NEW WORLD, NEW RISK
The year 2020 saw a tremendous shift in the business world and almost every industry across the globe was affected. While businesses often expect to be affected by waves of economic recession, part of the challenge this time is the fact that the pandemic has lasted much longer than what many businesses are normally used to in an economic crisis. Businesses were at the point of decimation, with many ending up shutting their doors due to the coronavirus pandemic. While some may never reopen, others are ramping up their business hoping that they do not have to shut down. The outbreak has forced business owners to reengineer their business plans as the traditional manner of conducting business is becoming more and more irrelevant. The spread of COVID-19 has brought a great deal of uncertainty to our world, and it certainly has not been easy for business owners.
In this article, the Karyawan team met four business owners in Singapore to learn about their challenges, how they are navigating this unchartered territory, and the invaluable but painful lessons learned during these very challenging times. While quite diverse and all serving different consumer bases, the four business owners interviewed in this article all reflect the realities the business community is struggling with during this unprecedented disruption.
Here are a few lessons we can learn from them.
1. Diversify and Enhance Company Branding
After the pandemic, many businesses have realised that they cannot rely heavily on one source of business as it makes them vulnerable. Some businesses have had no choice but to find new ways to generate revenue, when lockdowns and quarantines rendered their original business plans impossible.
The 33-year-old founding director of Bubblehead Company Pte Ltd, who wishes to be identified Tosh, had to shift gears to navigate the pandemic’s bumpy road and to handle what lies ahead. As a motorcycle and lifestyle company, Tosh provides motorcycle-related services including custom services and bike detailing. He shared that the automotive industry was not spared from the shock of the COVID-19 crisis. Sales were weak, especially with the implemented regulations. Even when restrictions were lifted, consumers were still forgoing services because of concerns of physical contact with others. In addition, many consumers are now focusing on spending less and saving more.
“The pandemic has been very disruptive to my business entirely. It has forced me to re-strategise the entire business model. For instance, during Phase I and II, there were restrictions on how we were able to run our business. I know we will not be expecting to see the usual number of customers we were getting pre-pandemic. Despite getting approval to operate for ‘essential services only’, the shop was still empty on most days due to the restrictions and regulations on social distancing. Business was almost zero from day to day,” Tosh shared.
Through the pandemic, Tosh saw the need to devise novel solutions and improvise existing ones to make the best of the evolving situation. The pandemic had forced him to accelerate his initial plans to diversify his business so that his sales were not coming from one specific customer base. Although he had to close his barber shop and leather workshop, which were operating pre-pandemic, he has since diversified his business to offer apparel, LAN gaming, and also opened an art studio after the pandemic happened.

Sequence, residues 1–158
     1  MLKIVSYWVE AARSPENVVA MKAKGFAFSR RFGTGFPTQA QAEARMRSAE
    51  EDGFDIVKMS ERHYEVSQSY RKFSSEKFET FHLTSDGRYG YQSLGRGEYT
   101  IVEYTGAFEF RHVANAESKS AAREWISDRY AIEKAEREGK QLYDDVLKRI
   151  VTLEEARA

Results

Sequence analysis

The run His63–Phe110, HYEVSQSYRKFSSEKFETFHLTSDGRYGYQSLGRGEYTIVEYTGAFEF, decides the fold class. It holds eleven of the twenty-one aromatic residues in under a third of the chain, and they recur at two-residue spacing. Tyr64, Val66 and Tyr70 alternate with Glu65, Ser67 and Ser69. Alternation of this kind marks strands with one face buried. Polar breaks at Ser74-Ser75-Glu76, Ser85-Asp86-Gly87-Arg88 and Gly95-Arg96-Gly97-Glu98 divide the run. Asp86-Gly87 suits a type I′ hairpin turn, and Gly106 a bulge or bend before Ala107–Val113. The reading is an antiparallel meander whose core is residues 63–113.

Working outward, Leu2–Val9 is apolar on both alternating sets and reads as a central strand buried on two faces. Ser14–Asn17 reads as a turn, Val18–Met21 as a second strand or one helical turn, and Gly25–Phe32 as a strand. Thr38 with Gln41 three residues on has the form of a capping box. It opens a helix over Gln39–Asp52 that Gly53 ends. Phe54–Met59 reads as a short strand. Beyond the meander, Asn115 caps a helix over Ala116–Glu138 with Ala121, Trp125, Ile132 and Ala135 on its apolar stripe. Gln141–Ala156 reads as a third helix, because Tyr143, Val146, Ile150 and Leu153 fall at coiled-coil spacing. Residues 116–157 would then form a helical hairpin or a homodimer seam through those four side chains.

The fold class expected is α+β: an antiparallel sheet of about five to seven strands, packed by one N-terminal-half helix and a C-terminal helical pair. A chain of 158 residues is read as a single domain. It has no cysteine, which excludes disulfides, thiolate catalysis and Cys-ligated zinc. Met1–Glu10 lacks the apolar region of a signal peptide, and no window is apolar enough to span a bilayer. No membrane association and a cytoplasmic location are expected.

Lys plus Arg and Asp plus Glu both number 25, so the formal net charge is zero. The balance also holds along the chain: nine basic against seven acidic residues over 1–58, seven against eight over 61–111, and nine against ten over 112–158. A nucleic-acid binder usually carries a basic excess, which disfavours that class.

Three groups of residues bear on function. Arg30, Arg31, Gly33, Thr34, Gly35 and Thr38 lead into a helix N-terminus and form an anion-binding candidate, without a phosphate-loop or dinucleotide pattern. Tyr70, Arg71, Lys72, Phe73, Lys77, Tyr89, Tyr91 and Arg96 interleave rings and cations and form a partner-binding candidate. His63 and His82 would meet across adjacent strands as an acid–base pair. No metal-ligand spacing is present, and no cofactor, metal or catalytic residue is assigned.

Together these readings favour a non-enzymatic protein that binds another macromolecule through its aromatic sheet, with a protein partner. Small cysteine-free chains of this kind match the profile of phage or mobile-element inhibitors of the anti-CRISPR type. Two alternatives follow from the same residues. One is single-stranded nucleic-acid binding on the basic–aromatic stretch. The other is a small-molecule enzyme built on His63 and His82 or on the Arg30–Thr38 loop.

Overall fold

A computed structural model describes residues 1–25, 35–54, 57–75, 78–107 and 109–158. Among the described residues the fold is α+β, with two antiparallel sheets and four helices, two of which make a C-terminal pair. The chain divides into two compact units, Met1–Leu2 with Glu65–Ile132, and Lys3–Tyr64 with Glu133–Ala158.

“There is a need for multiple back-up plans, be it small or big. It is essential in order for the business to survive and fight on,” Tosh shared.
If there is one thing this current crisis has taught him, it’s not to put all your eggs in one basket. According to him, it is imperative to have several income streams and a diverse customer base so that if something happens to one ‘basket’, you still have other ‘baskets’. Diversification brings security and stability to your businesses.
Tosh shared that he also worked towards upgrading himself and his business professionally by getting accreditation during the pandemic to increase his business competitive edge and improve the business’ branding so that his current and potential customers can place their trust in his brand.
“When my business was not doing well and I did not have many customers during the pandemic, I used the time positively to upgrade the shop, the brand, and even myself. I bought another unit to accommodate my expansion plans and renovated my shops to make them look more aesthetically pleasing. I also worked hard to get my company BizSAFE Level 3 certified to assure my customers that my services are delivered by staff who work in a safe and healthy environment, as well as to improve my company’s corporate branding,”
In fact, despite a rough year, Tosh shared that his company has been awarded the prestigious commercial status of a Singapore 500 SME company for the work year 2021-2022.
2. Digitalisation is the Trump Card
Perhaps the most important lesson the pandemic taught businesses is the need for digitalisation and how it helps in building agility and a quick response to the unexpected. While this digitalisation drive is not new, the pandemic has accelerated the paradigm shift towards digitisation, making those affected scrambling to migrate their operations to a virtual environment to stay above water. Physical touch points have been converted into digital touch points and today, online
presence is essential for any provider. Digital tools and virtual collaborative platforms have created a new framework of processes.